As an operations management consultant, I have come across countless companies that have implemented so many systems, rules and training regimens that they believe they are operating at peak safety performance and have a perceived state of contentment with the results they have achieved. But this false sense of security is deceiving.
In reality, they have reached a point where all the systems and rules they’ve implemented are hampering further improvements to safe operations. They need to move beyond the current plateau of safety performance they are experiencing and do even better.
I can understand why many companies may feel this way. In my more than 40 years working in the trucking industry and at DuPont Sustainable Solutions, I’ve seen a transformative evolution in the way companies promote safer and improved operations. As better-made Japanese vehicles began to enter the North American market in the 1980s, U.S. automakers saw the need to adopt management systems that would enable them to compete with the quality products of their Japanese competitors. As a result, by the 2000s, companies had implemented a number of different systems, including quality management systems, environmental management systems, safety management systems and operational excellence management systems, into their operations.
Many will tell you they achieved about 80 percent implementation of a particular management system, declared victory and moved on to implementing the next system or initiative. When they could no longer keep up with these partially implemented systems and performance suffered as a result, they then began integrating all of these various systems into one comprehensive operations management system that, if executed with rigor, was intended to improve performance on all fronts.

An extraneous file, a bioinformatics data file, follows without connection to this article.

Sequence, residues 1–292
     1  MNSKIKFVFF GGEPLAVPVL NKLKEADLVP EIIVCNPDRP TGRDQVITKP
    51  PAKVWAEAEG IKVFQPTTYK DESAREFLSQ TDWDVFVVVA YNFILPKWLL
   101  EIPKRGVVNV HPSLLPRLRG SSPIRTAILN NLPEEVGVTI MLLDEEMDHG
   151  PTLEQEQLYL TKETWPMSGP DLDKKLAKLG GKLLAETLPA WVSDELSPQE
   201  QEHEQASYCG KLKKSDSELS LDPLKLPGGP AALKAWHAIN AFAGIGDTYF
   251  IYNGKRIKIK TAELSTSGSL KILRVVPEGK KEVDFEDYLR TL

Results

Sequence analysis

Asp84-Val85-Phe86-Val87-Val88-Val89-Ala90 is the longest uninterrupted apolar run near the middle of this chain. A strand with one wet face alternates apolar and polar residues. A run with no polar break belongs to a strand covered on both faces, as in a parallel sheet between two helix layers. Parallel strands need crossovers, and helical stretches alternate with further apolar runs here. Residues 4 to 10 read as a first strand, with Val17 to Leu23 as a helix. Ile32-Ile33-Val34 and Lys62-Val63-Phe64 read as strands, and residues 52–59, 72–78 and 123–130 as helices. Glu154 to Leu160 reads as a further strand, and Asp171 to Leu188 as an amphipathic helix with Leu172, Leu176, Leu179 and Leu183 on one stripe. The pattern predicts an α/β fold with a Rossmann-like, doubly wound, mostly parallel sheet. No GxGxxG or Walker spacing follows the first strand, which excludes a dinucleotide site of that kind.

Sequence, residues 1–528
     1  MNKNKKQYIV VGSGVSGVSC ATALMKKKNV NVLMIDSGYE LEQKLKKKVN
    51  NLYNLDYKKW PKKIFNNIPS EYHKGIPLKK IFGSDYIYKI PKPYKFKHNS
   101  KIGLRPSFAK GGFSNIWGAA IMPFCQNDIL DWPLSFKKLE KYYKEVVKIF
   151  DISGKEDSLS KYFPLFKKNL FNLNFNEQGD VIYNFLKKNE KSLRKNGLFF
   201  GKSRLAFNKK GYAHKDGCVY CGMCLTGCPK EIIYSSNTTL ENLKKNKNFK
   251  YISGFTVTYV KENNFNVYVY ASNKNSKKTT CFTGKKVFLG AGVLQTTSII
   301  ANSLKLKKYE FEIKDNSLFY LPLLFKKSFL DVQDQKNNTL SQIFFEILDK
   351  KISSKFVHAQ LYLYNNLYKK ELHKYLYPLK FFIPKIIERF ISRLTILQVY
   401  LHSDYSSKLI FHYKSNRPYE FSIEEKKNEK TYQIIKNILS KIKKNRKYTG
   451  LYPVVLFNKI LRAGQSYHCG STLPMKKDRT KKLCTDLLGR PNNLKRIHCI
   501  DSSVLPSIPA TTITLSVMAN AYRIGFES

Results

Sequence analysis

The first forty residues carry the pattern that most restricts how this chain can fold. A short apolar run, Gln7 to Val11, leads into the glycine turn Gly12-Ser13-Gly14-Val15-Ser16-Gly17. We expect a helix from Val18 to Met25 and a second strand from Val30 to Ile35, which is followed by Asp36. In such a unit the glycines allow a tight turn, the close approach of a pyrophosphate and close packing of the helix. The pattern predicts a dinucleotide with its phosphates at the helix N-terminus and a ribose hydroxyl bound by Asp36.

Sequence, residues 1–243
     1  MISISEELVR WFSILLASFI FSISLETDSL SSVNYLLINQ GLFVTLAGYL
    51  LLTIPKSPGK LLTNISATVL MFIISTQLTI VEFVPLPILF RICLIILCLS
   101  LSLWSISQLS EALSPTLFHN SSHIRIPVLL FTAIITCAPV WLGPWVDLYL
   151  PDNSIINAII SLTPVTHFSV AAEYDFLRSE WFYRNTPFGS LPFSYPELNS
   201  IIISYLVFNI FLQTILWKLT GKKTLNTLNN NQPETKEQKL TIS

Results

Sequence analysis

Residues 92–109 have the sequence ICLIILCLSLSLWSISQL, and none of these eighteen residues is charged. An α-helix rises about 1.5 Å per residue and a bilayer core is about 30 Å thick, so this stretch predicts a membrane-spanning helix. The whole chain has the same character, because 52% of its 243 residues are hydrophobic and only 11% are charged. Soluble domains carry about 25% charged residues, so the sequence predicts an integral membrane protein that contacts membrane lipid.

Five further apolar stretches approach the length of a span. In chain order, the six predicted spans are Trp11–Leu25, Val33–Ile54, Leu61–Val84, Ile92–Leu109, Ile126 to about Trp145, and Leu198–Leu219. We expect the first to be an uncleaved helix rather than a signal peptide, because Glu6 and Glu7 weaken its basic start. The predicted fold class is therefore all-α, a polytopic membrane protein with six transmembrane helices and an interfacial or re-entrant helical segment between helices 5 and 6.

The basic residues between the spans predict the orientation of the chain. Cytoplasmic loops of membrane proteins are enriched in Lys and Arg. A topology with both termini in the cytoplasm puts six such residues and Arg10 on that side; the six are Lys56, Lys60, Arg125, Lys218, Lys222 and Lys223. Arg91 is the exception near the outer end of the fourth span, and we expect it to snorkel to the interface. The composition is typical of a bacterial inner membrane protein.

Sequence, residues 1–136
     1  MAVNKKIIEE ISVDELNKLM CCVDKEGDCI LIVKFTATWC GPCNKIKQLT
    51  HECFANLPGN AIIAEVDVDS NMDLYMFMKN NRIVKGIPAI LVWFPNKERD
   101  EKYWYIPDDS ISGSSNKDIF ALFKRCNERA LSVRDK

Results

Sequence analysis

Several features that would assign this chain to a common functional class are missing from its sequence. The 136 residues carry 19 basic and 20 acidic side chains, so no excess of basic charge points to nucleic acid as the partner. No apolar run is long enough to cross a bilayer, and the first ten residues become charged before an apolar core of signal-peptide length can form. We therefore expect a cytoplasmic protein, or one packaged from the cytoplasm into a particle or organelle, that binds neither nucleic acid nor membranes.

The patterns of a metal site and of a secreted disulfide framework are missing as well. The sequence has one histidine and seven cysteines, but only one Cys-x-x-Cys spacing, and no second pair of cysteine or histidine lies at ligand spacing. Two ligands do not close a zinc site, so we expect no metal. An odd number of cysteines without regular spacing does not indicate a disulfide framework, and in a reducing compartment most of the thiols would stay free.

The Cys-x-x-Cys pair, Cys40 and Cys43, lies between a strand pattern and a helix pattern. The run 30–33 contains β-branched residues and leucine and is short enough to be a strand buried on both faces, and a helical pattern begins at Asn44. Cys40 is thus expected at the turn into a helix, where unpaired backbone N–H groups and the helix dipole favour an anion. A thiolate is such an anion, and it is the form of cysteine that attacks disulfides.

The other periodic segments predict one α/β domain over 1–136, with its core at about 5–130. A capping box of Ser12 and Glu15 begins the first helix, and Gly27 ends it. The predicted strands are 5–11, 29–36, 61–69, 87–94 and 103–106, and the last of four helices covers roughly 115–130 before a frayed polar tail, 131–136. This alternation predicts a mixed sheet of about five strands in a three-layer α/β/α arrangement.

A comprehensive operations management system, in combination with improved regulations, has helped to reduce the frequency of workplace injuries, but this has led management and workplace safety committees to become complacent. Levels of supervision have been reduced, so leadership is spending less time on the shop floor identifying hazards with employees.
Employees operating equipment and machinery know where the hazards are, but they are not reporting and dealing with them in a systemic manner. Many safety hazards still are present, but there is a lack of effort to uncover them and improve safety performance even more. At this point, organizations become stuck in a safety performance rut with no visible or data-based signs of improvement.
Steps to Move Beyond the Plateau
There are ways that companies can move beyond this plateau and achieve improved safety performance. First, companies should take steps to increase risk awareness among workers, particularly younger workers. Millennials who are entering the workforce are among a generation that have less risk awareness than previous generations.
From a behavioral perspective, risk awareness can be situational and influenced by external factors. Younger workers, many of whom participated in organized activities such as competitive sports where risk is managed for them, or engaged in online games where there is no risk of physical harm, can enter a plant or walk onto the production floor with the incorrect assumption that the work environment will be just as safe.